“I really didn’t know what I was doing,” he continues, “but I knew I was not going to wait to tell the stories until I learned how to do it—that decision transformed my creative process.”

“It’s easy to want to know how to do it, then start. I think a lot of creatives get stuck there. They wait until they know what they’re doing or have a great product before putting it out there for the world to see.” 

At this point, I knew Robert was the person I needed to be talking to. Then Robert dropped his advice on me. FILMMAKERS, HERE’S WHERE YOU NEED TO PAY ATTENTION: Robert’s advice—or maybe mandate—to beginning filmmakers: You have to be okay with failure.

He recognizes this is easier said than done. “I’ve literally written millions of words over my life. You wouldn’t believe how much content—unfinished work, even completed books—I have sitting on my hard drive! It’s taken me a long time to get a thick skin and conquer my fear of failure.”


“Actually, what helped me get over it was a dream I had. In this dream, I was in a kitchen cooking, trying to make the perfect soufflé. I kept trying and starting over; never happy with the results. And then I looked out the kitchen window and saw there were so many starving people waiting for food! They were so hungry and didn’t care about the perfect soufflé—they just wanted to eat!” 

Once Robert woke up, he knew it was time to stop sitting on content, hoping it would eventually be perfect enough to release, and time to take the leap of faith to publish what he’d created. “I had to face my fear of failure and released my first book. It was tough to do. At every step of the process I kept thinking, ‘Are people going to think I’m a hack?’ or ‘I’ve always dreamed about this what if I fail?’” (…asked every visionary ever!)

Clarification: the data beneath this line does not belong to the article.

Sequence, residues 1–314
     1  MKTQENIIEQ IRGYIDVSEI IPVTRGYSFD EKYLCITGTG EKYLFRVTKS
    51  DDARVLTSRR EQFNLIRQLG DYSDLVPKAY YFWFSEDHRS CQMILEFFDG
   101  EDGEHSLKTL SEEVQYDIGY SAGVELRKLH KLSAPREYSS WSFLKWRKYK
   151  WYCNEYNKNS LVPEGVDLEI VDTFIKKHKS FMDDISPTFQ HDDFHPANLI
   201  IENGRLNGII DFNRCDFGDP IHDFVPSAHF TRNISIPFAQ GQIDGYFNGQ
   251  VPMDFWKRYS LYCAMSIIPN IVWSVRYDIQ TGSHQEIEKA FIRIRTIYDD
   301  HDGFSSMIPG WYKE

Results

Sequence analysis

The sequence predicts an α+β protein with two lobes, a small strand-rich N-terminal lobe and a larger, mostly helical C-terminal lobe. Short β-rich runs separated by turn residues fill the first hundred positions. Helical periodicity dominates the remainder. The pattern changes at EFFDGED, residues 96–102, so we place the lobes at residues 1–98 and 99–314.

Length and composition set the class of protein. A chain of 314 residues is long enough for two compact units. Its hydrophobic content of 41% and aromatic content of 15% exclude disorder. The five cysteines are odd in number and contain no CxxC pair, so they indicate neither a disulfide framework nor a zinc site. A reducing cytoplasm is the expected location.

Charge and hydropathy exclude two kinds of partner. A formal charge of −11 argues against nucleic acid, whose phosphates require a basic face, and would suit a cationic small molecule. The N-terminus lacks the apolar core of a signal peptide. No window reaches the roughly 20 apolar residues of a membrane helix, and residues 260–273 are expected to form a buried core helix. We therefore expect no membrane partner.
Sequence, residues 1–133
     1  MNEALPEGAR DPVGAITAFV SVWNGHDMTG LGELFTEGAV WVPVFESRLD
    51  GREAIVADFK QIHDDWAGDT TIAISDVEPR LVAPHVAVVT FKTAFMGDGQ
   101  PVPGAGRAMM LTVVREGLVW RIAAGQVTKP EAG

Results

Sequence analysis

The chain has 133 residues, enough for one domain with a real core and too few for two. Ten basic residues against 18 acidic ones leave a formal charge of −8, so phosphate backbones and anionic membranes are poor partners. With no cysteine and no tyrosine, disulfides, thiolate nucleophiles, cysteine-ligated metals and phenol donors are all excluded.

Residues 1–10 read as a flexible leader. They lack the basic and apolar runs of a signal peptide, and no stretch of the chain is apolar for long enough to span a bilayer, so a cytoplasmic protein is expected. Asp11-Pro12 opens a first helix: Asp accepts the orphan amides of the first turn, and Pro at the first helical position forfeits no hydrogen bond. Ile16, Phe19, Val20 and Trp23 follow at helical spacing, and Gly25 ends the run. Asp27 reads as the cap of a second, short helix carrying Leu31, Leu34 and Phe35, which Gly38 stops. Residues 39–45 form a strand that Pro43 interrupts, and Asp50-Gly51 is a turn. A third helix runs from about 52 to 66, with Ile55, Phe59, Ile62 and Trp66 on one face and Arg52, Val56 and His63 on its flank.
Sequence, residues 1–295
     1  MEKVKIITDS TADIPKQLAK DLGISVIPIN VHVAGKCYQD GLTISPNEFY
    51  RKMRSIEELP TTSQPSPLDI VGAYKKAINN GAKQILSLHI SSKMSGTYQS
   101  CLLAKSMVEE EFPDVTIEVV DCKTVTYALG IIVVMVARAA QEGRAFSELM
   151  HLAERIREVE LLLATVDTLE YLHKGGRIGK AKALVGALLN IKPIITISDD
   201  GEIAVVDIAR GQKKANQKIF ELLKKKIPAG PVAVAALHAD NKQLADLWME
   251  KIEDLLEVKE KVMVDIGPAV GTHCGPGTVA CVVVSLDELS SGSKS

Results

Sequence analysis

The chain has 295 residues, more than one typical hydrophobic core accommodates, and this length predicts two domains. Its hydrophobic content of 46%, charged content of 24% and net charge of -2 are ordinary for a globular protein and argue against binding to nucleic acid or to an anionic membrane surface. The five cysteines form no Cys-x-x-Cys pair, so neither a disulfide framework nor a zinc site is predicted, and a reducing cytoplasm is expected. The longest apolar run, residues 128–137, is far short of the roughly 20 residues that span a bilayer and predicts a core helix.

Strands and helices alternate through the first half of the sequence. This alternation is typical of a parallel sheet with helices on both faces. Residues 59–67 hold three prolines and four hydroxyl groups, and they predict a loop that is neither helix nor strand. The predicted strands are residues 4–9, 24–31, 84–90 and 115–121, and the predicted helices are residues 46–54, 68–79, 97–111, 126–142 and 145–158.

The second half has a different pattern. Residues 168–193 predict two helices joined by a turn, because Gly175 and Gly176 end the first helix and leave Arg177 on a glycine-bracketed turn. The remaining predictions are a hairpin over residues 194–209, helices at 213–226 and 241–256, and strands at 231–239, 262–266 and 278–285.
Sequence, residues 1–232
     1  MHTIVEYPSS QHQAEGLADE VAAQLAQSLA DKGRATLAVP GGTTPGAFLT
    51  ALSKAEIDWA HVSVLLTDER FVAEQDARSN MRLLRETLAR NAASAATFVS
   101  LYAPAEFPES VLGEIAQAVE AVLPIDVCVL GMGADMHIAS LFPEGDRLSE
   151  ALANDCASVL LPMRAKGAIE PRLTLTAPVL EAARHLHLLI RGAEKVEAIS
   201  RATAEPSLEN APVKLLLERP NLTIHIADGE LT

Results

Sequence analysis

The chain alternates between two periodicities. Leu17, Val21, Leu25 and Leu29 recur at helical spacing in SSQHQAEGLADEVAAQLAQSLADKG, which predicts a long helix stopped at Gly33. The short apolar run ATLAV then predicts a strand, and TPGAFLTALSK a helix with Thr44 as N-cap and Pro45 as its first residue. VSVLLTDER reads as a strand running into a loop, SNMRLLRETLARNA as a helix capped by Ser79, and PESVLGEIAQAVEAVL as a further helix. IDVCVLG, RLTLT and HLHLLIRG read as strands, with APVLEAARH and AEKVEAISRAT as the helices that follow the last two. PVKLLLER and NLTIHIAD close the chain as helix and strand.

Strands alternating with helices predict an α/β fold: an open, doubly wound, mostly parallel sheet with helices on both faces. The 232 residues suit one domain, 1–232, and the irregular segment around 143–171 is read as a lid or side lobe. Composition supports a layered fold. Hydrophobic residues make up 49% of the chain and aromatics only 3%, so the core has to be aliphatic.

“Perfect can be a killer sometimes. You have to just fall back on the truth that God has given gifts to everybody,” he’s says, “There’s no such thing as a magic wand; making good work happens through hard work.”

Robert’s other piece of advice (PAY ATTENTION HERE, it’s another golden nugget): Make your creative work—writing, filming, painting, etc.—a routine and a discipline.

“When I was younger, I’d write whenever I was inspired. I would go two weeks without writing, then an idea would hit me and I’d stay up all weekend writing,” he says with a slight laugh. “As I got older, I knew that needed to change.”

These days, he’s figured out a better structure. Every morning, he gets up before the rest of his family and writes for an hour, and to his surprise, his output increased significantly once he started this practice. “Writing became like muscle memory. I could sit down and my brain knew what to do and could move much more quickly. I’m finishing stories and books, and the writing momentum is like a train. Once it starts rolling, it’s hard to stop.”